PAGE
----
The song picturisations have all the colour and excitement I expected. AR Rahman’s music is a good fit and his use of recurring motifs helps express the characters inner lives.

Minsara Poove sees Nilambari dancing her feelings for Padayappa as he sings for Vasundhara. It’s very pretty, apart from the bits that are happening in Nilambari’s fantasy. She really needed a better dream wardrobe designer. Suthi Suthi is colourful, with giant puppets and lots of costume changes for Soundarya and Rajni. Kikku Yerudhey is a little out of place in terms of the story and I think it was only there to get Rajni prancing about with lots of young girls (Padayappa’s daughter’s school friends) and drunk uncles. Or maybe just to let the director make his trademark cameo appearance.

Padayappa-carnage

There are fight scenes, cars stunts, a murderous cow (not a euphemisism for Nilambari) and all manner of excitement as well as the revenge and drama.

Padayappa-the dating advice committeePadayappa-advice gone wrong

Padayappa’s friends are largely there to provide comic interruptions but they also do an excellent line in relationship advice and support (and hiding behind trees).

Padayappa-Sivaji Ganesan and Lakshmi

The legendary Sivaji Ganesan had a small but pivotal role as Padayappa’s father and was still quite magnetic. Lakshmi made the most of her big scenes as the surprisingly fierce mother. The always excellent Manivannan made his character despicable and yet pitiful while Nasser was just despicable.

Padayappa-Prakash Raj

And a quite svelte Prakash Raj was a nice bonus as a police officer. The casting budget for this film must have been enormous.

At almost 3 hours Padayappa does drag occasionally but just as I was thinking that surely things must settle down, K.S. Ravikumar would ramp up the action. See it for a classic village family revenge masala style story with a first class cast and loads of colour and movement. 4 stars!

Sivaji (2007)

Sivaji is a wonderfully over-the-top film celebrating all things Rajinikanth. There are references to the superstar’s previous films and to his own life, plenty of classic Rajni style and he’s present in almost every frame. Sivaji also features stunning sets for the songs and a myriad of different looks for Rajinikanth throughout the film. While the story has an interesting plot involving corruption, the screenplay gets somewhat tangled in the numerous set-ups to introduce the next song or fight scene.  But in the face of so much else that is fantastic, the disjointed nature of the story doesn’t seem to matter. When the first song is as much fun as this, then the film is already a winner for me. This features Nayantara in a cameo role along with an incredible number of  men with round, jiggling painted bellies – I love it!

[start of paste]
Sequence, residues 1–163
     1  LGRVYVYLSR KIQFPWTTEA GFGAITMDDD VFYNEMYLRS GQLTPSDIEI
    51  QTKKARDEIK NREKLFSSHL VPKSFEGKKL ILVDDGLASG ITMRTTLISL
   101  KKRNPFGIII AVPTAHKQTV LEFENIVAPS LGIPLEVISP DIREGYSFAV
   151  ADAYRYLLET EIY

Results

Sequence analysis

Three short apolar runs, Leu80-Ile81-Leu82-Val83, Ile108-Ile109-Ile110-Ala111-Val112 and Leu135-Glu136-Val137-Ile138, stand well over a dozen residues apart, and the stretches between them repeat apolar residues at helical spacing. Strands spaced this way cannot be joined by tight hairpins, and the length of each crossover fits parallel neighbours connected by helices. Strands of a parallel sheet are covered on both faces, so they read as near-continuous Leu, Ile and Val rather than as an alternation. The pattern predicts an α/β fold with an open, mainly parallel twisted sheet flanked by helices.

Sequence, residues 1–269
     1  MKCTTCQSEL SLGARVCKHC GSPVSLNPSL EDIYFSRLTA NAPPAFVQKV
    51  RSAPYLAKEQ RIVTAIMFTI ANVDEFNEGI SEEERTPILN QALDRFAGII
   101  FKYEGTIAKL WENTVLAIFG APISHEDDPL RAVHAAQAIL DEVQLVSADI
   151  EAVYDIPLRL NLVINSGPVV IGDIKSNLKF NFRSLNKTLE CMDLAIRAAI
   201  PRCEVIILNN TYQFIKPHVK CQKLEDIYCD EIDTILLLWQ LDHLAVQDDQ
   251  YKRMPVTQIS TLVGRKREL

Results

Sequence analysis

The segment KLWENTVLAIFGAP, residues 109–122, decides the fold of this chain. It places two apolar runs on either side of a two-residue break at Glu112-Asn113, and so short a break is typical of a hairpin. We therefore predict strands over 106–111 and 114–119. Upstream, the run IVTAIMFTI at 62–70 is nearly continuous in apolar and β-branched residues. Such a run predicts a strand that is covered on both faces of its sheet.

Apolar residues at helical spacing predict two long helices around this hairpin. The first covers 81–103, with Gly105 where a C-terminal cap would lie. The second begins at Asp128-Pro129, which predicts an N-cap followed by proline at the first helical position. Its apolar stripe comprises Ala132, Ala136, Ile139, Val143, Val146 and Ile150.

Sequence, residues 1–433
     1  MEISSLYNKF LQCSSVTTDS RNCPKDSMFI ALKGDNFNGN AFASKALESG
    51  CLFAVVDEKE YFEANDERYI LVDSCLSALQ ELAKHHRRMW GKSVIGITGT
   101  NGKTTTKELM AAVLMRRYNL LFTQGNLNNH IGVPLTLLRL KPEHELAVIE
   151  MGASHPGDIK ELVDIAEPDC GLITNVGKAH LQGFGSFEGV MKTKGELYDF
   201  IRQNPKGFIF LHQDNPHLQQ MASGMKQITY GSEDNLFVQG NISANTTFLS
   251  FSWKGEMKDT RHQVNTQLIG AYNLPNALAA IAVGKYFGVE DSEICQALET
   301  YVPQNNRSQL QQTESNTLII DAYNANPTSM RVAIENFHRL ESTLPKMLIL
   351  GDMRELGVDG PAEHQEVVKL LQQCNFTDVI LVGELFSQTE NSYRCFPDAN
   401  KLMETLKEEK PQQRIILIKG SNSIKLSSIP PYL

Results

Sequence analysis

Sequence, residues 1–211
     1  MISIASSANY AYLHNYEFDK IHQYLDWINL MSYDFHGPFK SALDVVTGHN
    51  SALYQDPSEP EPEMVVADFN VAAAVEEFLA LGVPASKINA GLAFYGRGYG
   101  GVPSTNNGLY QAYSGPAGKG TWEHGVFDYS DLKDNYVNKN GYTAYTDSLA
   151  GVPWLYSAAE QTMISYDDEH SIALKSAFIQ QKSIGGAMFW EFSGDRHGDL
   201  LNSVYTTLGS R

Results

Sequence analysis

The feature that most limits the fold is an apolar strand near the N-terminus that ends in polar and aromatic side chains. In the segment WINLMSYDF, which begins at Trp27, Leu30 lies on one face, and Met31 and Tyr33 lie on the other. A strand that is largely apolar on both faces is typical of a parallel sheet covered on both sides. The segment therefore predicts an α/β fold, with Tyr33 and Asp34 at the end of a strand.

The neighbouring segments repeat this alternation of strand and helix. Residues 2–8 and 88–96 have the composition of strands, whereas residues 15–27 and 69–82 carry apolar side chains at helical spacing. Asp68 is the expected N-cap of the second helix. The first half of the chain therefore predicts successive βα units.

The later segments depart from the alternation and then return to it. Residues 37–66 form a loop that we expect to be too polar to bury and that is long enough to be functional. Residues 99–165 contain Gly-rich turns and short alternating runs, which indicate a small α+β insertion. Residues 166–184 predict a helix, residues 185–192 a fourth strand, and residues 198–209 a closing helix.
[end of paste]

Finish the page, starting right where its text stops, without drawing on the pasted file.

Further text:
The film opens with Sivaji returning from the USA with truck-loads of money and deciding to set up a University and Hospital where everything will be available to the poor for free. His grand plans are opposed by local businessman Adisheshan (Suman) who blocks him at every turn. To make Sivaji’s life more difficult there is the practice of bribes and kick-backs that seems to be built in to the system at every stage. Despite his unwillingness to play along, Sivaji has no choice but to fall in line and pay everyone off if he wants to get his hospital and university built. I’m quite sure that all these people in yellow hats were the inspiration for minions in Despicable Me – or at least they should have been.

Ultimately this works to Adisheshan’s advantage when he contrives to have Sivaji arrested and charged in court. There Sivaji admits that he paid bribes to get permission to build and ends up losing everything. This might have been the end of the Sivaji foundation, but Adisheshan is the one person in Tamil Nadu who has no idea who he’s really dealing with and he rashly mocks his defeated enemy.  This sparks Sivaji’s quest for revenge, and the 1 rupee coin Adisheshan tosses at him to start his begging career becomes a talisman and also funds the start of the fight back. Sivaji devises a cunning plan to restore his finances and bring about Adisheshan’s downfall at the same time.

Rajinikanth is truly in his element here as the crusading Sivaji. He still has his trademark tricks, but this new  health conscious Sivaji spruiks the ‘cigarettes are bad for you’ message, catching mints and tossing his sunglasses instead of cigarettes. It’s all a little contrived, but the tricks are so much a part of any Rajni film that Sivaji would seem incomplete without them. There areplenty of fight scenes, and these are well choreographed by Peter Hein. The final showdown features some Matrix style action and Rajinikanth pulls it off with great style. If he has slowed down a little in some of the fight scenes and songs, well, that’s understandable but it’s barely noticeable. As well as the romantic songs, there is a fabulous sequence where Rajinikanth impersonates Sivaji Ganesan, MGR and Kamal Hassan and he gets really gets the mannerisms of the different stars very well.